When it comes to some movies I’m at a loss as to why they do badly here in the States. I know one reason that the critics here roasted Gods Of Egypt was there were too many white people in it. Yeah, I can understand that. The movie is set in ancient Egypt and when I think of ancient Egypt the last thing I tend to think about are white people. In a perfect world that film should not have had one white actor in it, but sadly we don’t live in a perfect world, but was that enough for people to hate this movie outright? Maybe, yes, maybe, no. Personally, I saw that problem, but it didn’t deter me from loving the movie. And then there were the comments about how bad the CGI was. I know bad CGI when I see it, and I didn’t perceive any bad CGI in Gods Of Egypt. It looked on par with any other big budget action fantasy the major studios put out. Of course CGI has run rampant in movies, but that’s the way of things in 21st century movie making and that isn’t going to change any time soon. All you we can do as a movie watcher is limit your exposure or not watch at all. I’ll limit my exposure, since Hollywood does tend to crank out a CGI fest every once in a while I tend to enjoy and wouldn’t you know it Gods Of Egypt was one of them.
It reminded me of three movies, Immortals (2011), Jason And The Argonauts (1963) and Clash Of The Titans (1981). Notice how I said the 1981 version of Clash Of The Titans? Even though Clash was remade in 2010, director Alex Proyas’ flick does a much better job at making me reminisce about any of Ray Harryhausen’s Greek Myth movies than the actual remake of Clash ever did, and I can’t tell you exactly in what way. There was just that vibe. And every time I saw a monster or a monster character I said to myself if this was made back in Harryhausen’s era all that would be stop-motion animation. I consider Proyas’ Gods Of Egypt to be personally notable because of all the “sword & sorcery” flicks I have seen in the past years his was the only one that made me think of that late great stop-motion animator. The score, too, felt very much along those lines, which was a first. Scores in movies don’t generally make me reminisce. This one did.
In ancient Egypt the Gods live side-by-side with humans. They’re shape-shifters but for the most part look just like us except for their size, which is very notable when seen standing next to one of us. Egyptian Gods are a lot bigger. They also have gold for blood. And like us they can also be killed, but by other Gods mostly.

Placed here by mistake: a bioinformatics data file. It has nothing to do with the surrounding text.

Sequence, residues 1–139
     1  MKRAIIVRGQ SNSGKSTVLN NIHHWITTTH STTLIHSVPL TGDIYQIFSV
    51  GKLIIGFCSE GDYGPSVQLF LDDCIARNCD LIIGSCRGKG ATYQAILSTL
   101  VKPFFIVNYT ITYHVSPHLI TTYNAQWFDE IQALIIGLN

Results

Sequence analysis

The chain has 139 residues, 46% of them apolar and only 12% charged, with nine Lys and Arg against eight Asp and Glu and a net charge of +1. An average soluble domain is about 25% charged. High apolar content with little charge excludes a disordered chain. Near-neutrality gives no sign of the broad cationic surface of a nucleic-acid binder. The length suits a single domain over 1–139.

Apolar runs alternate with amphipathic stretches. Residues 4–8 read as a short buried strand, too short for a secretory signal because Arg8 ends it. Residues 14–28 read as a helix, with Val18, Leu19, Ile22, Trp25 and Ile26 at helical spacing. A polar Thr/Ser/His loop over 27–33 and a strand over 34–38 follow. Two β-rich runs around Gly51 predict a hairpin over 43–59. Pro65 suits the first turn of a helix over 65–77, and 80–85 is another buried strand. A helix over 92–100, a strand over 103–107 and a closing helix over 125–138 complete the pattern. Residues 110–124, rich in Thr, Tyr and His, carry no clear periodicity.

There are only three human characters, Bek (Brenton Thwaites) and his chick, Zaya (Courtney Eaton), and villainous master builder, Urshu (Rufus Sewell), the movie follows. Urshu’s part is small, Bek and Zaya are the two main human characters the movie revolves around.
And the Gods involved are Set: God Of The Desert (Gerard Butler), Horus: Lord Of The Air, (Nikolaj Coster-Waldau), Hathor: Goddess Of Love (Élodie Yung), Thoth: God Of Wisdom (Chadwick Boseman), Osiris (Bryan Brown), and Ra (Geoffrey Rush). Set, Horus and Hathor are the primary Gods the flick centers on.
Osiris is getting ready to make his son, Horus, a king, but things turn bad when Osiris’ brother, Set, shows up under the guise he’s perfectly all right with his nephew being crowned. He really isn’t. His army shows up, and he kills his brother. Horus tries to fight but fails and to add insult to injury Set plucks out both of his eyes. This was not a random act of eye violence, Set has a plan. He wants to rule not only the world but the Underworld and Horus’ eyes are part of that plan.
Cut to years later when the land is totally under Set’s rule. In this world you need to make a lot of gold to successfully pass through the Underworld when you die. Anubis is our “Egyptian Grim Reaper,” if you will, and is present to greet those that die and send them on their journey. Osiris ruled with an even hand and made sure everyone had their fair share of gold, but Set hordes all of it for himself and sets about conquering all the other Gods in the material realm. Horus has become a blind, reclusive God, holing up in his temple.
Humans Bek and Zaya are in love and Zaya is a slave to Urshu. Bek has an idea how to get Horus the crown he deserves. Steal his eyes back, which are deep underground in a temple that’s booby trapped. Bek has the map thanks to Zaya and proves he’s got the parkour moves to get the eyes. But there’s only one eye in this maze of death and that’ll have to do. Unfortunately tragedy strikes as he and Zaya race away in a chariot. Urshu kills her with an arrow. Staying on course, he finds Horus and wants to give back his eye, but for a price. Get Zaya out of the underworld. A King can do that, Horus tells him. A lie, but he needs this human to get his other eye back.
What I liked about this is that the God/human relationship reflects our real world upper class/lower class relationship. I didn’t think the movie would pull that in. My initial assumption was you’ve got good Gods versus bad Gods, which it is, but there’s that grey area of how the Gods really consider humans. Inferior. And Horus starts out looking like a decent God, but as we get to know him on his journey he’s kind of a dick, who treats Bek like the inferior being he believes he is. Not a total dick, that’s Set’s arena, but along the way Horus learns humans are just as equal to any God.